Tyne and Wear HER(11364): Killingworth House - Details
Tradition says that the house was designed by Lancelot Coxon who also worked at Roddam Hall, Northumberland, in the 1760s. William Newton made alterations in the 1770s, possibly the addition of the wings. Admiral Robert Roddam, who rose to fame in 1747 by storming a coastal battery in northern Spain which helped bring to an end the War of Austrian Succession, lived in Killingworth Hall. He was captured by the French in 1757, rose to the rank of Senior Admiral of the Red, and died in 1808. John Jameson owned the house from 1876, and the McIntyres from 1900-1911. Killingworth House was sold by auction on Wednesday 9th April 1924 advertised as a 'Country Residence together with cottages, outbuildings, fileds and gardens in all over 20 acres". The most famous inhabitant of the house was the chemist Henry Eagle, who came to the area in 1924 from Romania. His biggest commercial success was an antiseptic called 'iglodine'. According to legend, a tunnel ran from Killingworth House to Seaton Delaval Hall, 7 km away. Although this unlikely, tunnels were said to have been found during the building of the Castle Green development on the site of the house in 1975. Killingworth House was demolished in 1956.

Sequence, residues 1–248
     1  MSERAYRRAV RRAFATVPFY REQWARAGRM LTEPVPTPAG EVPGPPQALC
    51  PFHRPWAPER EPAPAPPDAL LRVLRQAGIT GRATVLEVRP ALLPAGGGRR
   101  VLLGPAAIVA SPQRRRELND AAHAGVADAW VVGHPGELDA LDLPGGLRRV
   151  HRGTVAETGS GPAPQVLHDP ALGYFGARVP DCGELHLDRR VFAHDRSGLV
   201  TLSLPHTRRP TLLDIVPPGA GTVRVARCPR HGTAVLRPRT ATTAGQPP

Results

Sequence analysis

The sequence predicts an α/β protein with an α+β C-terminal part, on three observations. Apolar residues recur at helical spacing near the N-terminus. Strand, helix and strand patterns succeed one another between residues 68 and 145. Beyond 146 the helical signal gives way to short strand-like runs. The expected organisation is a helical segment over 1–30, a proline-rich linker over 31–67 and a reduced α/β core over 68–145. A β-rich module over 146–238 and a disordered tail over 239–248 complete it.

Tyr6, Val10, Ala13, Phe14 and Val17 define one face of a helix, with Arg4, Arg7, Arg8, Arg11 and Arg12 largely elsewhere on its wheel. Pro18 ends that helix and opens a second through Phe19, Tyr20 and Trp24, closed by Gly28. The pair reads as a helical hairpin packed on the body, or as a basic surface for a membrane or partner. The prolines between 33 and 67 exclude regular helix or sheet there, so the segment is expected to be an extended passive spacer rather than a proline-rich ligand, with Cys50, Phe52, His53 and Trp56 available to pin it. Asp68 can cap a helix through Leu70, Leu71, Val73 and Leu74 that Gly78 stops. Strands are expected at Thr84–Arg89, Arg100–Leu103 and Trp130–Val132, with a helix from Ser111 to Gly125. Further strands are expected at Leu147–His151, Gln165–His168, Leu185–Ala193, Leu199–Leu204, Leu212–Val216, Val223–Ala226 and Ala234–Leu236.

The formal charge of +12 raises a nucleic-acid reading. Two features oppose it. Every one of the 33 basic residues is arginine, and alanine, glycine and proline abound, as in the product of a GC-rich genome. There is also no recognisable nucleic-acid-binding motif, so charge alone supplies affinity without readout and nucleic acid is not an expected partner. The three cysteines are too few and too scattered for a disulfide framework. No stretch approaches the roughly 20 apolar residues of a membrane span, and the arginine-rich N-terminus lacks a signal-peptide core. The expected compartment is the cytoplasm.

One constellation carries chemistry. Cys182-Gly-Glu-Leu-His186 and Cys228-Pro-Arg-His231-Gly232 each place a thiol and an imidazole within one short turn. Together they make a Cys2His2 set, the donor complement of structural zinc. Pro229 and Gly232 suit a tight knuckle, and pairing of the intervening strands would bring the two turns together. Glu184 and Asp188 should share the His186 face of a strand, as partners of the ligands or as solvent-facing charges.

Maurice Milne, 2003, Ye Historie of Killingworth, second edition, Killingworth Local History Society; W.G. Elliott, Bygone Days of Longenton, Benton, Forest Hall, West Moor, Killingworth, Palmersville and Benton Square, Book 2, p 68; W.G. Elliott and Edwin Smith, Bygone Days of Longbenton, Benton, Forest Hall, West Moor and Killingworth, p 85